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    1. I actually like that part, it's one of many little hooks on this gem. It's probably my 2nd fave on side 2. Not sure what closing one's eyes has to do with anything, but that flute and organ flourish at the end is cool. Close My Eyes and Close Another Door share a word in their titles, and I always liked the idea of linking Eyes, Can't See Nobody, Please Read Me, and Door into a suite or medley, because they share a lot of the same feel, and there's even a narrative flow: He closes his eyes, so now he can't see nobody, then he hears the call of someone (Life? Love?) to please read me, then, at the end of his days, he closes the door on his adventure and takes off to the unknown. Gotta admit, it's not any wackier than anything else on the album.

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  2. Please read me indeed has some very, very fine vocal harmonies; the arrangement is clever too. If you want to know how strong To love Somebody is listen to this unintended mockery:

    http://www.youtube.com/watch?v=HQAcnsETYiY

    If these guys from Indonesia (and Didi Kempot is big there) aren't capable of ruining the song it's indestructible. I can dislike its cheesy nature, but I can't deny its quality.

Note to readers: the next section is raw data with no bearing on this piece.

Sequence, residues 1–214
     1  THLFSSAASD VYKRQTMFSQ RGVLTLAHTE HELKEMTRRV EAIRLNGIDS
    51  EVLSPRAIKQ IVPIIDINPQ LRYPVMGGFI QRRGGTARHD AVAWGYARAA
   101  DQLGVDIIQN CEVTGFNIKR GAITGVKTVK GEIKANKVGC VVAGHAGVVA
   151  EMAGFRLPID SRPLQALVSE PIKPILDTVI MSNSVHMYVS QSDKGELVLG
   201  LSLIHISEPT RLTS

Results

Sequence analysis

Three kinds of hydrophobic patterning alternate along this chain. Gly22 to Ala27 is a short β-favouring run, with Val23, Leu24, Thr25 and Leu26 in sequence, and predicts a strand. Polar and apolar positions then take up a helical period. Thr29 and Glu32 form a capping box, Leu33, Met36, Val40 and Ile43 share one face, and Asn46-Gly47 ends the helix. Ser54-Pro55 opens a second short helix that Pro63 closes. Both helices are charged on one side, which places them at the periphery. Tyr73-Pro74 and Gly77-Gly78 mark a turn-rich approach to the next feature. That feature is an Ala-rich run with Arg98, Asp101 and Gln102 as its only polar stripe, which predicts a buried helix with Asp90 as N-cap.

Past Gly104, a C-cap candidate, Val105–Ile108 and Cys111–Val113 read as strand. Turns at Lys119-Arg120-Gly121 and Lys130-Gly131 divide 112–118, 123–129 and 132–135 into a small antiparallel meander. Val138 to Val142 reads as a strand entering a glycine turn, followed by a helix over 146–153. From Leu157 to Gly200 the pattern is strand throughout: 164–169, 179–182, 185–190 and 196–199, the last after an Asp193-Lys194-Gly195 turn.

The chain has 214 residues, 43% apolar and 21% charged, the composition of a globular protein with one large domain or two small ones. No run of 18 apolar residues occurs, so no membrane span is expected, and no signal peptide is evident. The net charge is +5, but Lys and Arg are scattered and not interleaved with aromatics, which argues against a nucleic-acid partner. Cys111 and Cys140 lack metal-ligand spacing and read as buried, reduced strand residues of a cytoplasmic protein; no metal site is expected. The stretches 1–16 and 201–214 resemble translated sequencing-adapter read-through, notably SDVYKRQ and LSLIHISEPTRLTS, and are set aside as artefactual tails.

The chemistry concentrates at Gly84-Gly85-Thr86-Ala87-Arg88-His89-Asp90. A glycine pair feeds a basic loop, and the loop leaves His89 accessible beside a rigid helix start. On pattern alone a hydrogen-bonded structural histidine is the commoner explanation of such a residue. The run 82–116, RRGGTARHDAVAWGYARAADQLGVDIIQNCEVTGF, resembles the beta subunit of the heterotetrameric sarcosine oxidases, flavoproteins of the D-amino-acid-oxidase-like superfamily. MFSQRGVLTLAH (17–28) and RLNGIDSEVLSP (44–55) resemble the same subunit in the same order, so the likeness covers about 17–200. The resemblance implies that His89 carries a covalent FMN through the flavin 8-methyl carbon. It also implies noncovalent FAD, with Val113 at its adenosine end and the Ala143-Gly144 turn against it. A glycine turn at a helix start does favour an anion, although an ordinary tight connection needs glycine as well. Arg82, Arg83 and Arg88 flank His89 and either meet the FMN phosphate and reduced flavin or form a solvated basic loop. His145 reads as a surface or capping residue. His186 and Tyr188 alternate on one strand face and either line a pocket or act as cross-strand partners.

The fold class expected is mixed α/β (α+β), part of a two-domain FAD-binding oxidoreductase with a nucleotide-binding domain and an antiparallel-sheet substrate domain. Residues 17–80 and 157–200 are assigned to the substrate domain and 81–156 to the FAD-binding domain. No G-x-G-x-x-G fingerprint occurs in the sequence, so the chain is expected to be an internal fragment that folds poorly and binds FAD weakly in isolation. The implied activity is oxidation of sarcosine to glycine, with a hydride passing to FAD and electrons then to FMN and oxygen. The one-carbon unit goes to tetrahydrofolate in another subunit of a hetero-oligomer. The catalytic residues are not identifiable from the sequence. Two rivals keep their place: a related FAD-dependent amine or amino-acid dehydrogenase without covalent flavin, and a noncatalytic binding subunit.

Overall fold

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    1. It also withstood the assault of Michael Bolton. There's an interesting if shaky version by the Flying Burrito Brothers, and if I'm not mistaken, Joe Cocker had a pretty good one as well.

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  3. I've commented many times on FB about this album and how seminal it is to my own artistic tastes and sensibilities. On a song-by-song level, the diversity is amazing. "I Can't See Nobody" is a flawed masterpiece, and my favorite song. I have always thought that, like TLS, it was written with Redding or some other soul singer in mind. Robin tries to sing in that warbly "soul throat" voice which I've never thought worked. Trying to "cry like a man" only makes him sound more silly, and he almost croaks into Donald Duck territory.

    That said, as MNb noted, the song is damn near indestructible; that melody is just so powerfully morose, and not in a saccharine, cloying way, but in a romantic, melodramatic way--and there is indeed an important difference between the two.

    That even withstands the warbling on the song's climax, the end of the last verse, heading into the last chorus (Ain't happen such a long time...) The boys show their (lack of) age with all squeaky high register stuff, but just as George noted several times in the review, IT WORKS.

    I would've loved to hear Otis tear into this one, with the full Muscle Shoals treatment, or maybe with Booker T & MGs backing a young Al Green, maybe? One of the great What-if's in music history, I believe...

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  4. Ye, you really should have mentioned "ICSN", which, although just a B-side, was pretty popular.